FTC 2018 - 2019
2019's robot, Blue Boi, was built to compete in FIRST's challenge: ROVER RUCKUS presented by Qualcomm. Our robot was able to pick up minerals (2'' - 3'' plastic cubes and balls) and place them into the lander specified slots (center scoring element). It was also able to pull itself up onto the lander.
Through the design process of improving and repeating, we changed out the original configuration from having orbit 20:1 NeveRest gearmotors for 40:1 NeveRest gearmotors to allow for more effective chain tension. KISS (Keep It Simple Silly) was implemented into the drivetrain by using the TETRIX mounts. These mounts are intuitive to use as they come in one piece making for easy usage. Parallel prototyping was used by using a mecanum drivetrain from the summer for development and using the drivetrain we had from Velocity Vortex for the final design. We modified the drivetrain by cutting off the bottom corners of the front of the robot. This allowed us to partially park in the crater, and collect easier. We also used rev bars to attach the tilter and hanger. In the design review, we included a decision matrix with all the possible drivebases we could use. We used this to decide our drivebase.
The hanger went through many changes. The design process was implemented by first using a normal Actobotics beam to hang. We then tried a one way gate. The hanger went through 4 iterations. Parallel prototyping was implemented as we had multiple robots with multiple types of hooks to allow for the team to test out new configurations. In the beginning, we had a Lego claw as an idea. We also used rev extensions, drawer slides, and Actobotics linear actuators to test out all our hanging choices. Because the hook was facing the robot, we used a simple beam to hang. This took advantage of our mecanum drive base. We could strafe into the hook instead of having to do a fancy maneuver. In the design review, we included our first hanger and why we wanted it. We wanted to KISS.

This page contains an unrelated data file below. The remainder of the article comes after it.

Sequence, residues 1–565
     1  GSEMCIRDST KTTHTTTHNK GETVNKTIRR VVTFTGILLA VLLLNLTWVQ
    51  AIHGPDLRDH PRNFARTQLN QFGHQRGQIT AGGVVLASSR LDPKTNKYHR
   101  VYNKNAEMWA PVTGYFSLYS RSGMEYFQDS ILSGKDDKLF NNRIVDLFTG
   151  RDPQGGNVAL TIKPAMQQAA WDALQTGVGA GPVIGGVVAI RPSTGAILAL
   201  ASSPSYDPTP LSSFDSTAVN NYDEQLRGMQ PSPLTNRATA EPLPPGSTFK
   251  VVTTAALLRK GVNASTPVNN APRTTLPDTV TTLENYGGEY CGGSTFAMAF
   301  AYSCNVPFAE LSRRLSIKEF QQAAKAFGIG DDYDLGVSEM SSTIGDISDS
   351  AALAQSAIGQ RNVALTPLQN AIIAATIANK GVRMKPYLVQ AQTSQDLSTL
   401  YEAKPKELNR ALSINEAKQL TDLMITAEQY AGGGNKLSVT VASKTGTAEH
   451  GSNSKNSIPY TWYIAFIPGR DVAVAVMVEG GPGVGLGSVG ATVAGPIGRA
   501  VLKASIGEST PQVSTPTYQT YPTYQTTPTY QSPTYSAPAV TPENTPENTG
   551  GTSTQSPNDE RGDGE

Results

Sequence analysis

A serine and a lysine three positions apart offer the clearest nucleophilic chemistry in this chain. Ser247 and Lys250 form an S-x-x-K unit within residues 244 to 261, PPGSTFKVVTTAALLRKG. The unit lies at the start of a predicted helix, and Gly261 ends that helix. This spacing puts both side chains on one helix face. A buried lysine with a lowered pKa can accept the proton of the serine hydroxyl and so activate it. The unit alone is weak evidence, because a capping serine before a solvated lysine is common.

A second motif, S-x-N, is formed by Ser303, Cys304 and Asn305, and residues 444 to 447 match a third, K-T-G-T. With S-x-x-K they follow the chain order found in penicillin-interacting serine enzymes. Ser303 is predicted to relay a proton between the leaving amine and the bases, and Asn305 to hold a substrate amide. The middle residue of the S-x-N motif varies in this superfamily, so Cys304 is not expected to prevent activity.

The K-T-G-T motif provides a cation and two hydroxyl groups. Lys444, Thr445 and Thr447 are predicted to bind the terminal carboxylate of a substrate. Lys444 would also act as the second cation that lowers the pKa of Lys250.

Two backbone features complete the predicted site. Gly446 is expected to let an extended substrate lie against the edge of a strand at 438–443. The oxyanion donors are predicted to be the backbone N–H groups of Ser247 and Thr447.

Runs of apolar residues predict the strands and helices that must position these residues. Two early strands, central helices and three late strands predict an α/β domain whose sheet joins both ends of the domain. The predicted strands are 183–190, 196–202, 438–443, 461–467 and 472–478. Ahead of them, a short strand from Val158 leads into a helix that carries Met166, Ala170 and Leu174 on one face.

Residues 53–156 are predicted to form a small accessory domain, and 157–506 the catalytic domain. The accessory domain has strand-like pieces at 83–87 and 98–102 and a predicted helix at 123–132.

Mineral Collection System
Our collector has gone through many iterations. At first, the collector was too heavy, so we had to change it. Then we built a new collector which was also too heavy. We built a light collector that collected from the back instead of the front, and this proved to be better. Now we had a simple box and size sorter that has worked the best so far. KISS is easily seen in our collector. It consisted of 3 parts: the collector box, the x rail with surgical tubing, and a size sorter. All of these parts were screwed onto the extension slides.
3 iterations were made on the tilter. The first one ran on one worm gear gearbox. This gearbox bent. We then changed it to a tilter with sprockets and chains instead. The last iteration was to replace the axle with a hex shaft. This was in response to the set screws digging and eating the axel. This produced a lot of play. The tilter was very simple. It only had one point of rotation and the extension gearbox for the extension slides were direct driven by the core hex motor. The tilter was a difficult mechanism to design. This is why we have 10 iterations in the CAD. This helped us conceptualize what worked and what didn’t. Because our tilter was not strong enough to hold itself in midair, we needed to add an internal bumper to hold the tilter up while depositing. This was very innovative because it folded neatly into our robot, and unfolded when the robot deployed.